Some Americans actually make a living … begging for money. Professional panhandlers, they’re called, sometimes making more than $100 in a day. I tried it in Manhattan, and made over $11 in one hour—that would be $23,000 a year—tax free!
It’s a small example of why some said that the USA is turning into a nation of freeloaders. The Manhattan Institute’s Heather MacDonald says that beggars she’s encountered “have the most deep-seated sense of entitlement that I’ve ever come across.”
From those defaulting on their home mortgages, to those who see lawsuits as a lottery ticket, many Americans live off the hard work of others.
I look at how government turns people into freeloaders Did you know that any black person who has farmed or “attempted to farm” can collect $50,000 from the Federal government? “Attempted to farm could mean anything,” says black farmer Jimmy Dismuke, “My little three year old grandson could attempt it.”
We’ll introduce you to a woman who hasn’t paid her mortgage in 25 years… and doesn’t ever intend to. I confront the founders of “youwalkaway.com”, a website dedicated to advising people on how to walk away from their home mortgages .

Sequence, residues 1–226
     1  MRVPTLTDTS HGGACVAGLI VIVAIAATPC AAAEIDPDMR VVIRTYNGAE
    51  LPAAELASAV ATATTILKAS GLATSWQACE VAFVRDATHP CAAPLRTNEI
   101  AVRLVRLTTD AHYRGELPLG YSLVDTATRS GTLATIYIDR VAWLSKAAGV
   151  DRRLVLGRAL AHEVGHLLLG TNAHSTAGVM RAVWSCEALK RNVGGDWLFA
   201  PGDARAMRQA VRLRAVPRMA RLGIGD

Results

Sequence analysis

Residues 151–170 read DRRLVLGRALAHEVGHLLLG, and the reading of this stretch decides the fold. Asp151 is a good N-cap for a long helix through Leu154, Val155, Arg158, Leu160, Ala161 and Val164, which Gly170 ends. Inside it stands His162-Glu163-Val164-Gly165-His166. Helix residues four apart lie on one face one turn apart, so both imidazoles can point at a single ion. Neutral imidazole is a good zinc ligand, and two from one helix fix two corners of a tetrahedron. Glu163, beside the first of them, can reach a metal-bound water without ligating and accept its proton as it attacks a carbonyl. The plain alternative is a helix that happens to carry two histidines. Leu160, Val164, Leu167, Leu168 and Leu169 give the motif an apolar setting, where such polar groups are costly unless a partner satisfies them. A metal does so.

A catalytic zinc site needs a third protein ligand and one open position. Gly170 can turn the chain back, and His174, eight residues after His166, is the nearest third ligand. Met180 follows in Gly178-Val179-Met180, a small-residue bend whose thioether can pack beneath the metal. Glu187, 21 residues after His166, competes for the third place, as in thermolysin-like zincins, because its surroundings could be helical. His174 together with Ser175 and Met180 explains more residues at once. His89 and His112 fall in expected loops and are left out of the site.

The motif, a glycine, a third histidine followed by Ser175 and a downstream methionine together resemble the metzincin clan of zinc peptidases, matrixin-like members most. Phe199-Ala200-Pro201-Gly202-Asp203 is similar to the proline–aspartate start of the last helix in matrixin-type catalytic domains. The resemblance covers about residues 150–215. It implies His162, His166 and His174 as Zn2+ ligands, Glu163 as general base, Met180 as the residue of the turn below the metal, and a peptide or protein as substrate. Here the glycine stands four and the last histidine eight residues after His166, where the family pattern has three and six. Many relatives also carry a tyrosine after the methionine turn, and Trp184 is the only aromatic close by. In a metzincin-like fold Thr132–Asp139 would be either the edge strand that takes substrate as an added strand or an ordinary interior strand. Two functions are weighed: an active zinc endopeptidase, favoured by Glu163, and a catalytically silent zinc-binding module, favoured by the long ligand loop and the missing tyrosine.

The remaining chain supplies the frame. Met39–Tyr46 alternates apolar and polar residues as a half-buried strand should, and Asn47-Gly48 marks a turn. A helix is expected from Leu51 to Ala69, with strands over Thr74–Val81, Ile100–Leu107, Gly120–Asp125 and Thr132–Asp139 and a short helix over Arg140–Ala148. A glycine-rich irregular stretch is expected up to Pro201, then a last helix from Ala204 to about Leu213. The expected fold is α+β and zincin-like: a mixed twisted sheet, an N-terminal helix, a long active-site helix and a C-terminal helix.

Some of America’s biggest recipients of handouts are rich people. The biggest corporate freeloaders may be the biggest industrial corporation in the world: General Electric.
General Electric CEO Jeffrey R. Immelt is super-close to President Obama. The president named Immelt chairman of his Council on Jobs and Competitiveness. Before that, Immelt was on Obama’s Economic Recovery Advisory Board. He’s a regular companion when Obama travels abroad to hawk American exports. (Why does business need government to do that?)
I’ll also reveal some of my own freeloading. Federal flood insurance is a freebie for those of rich enough to have waterfront property, I collected on that. People like Bon Jovi and Bruce Springsteen take advantage of tax benefits that are supposed to help farmers.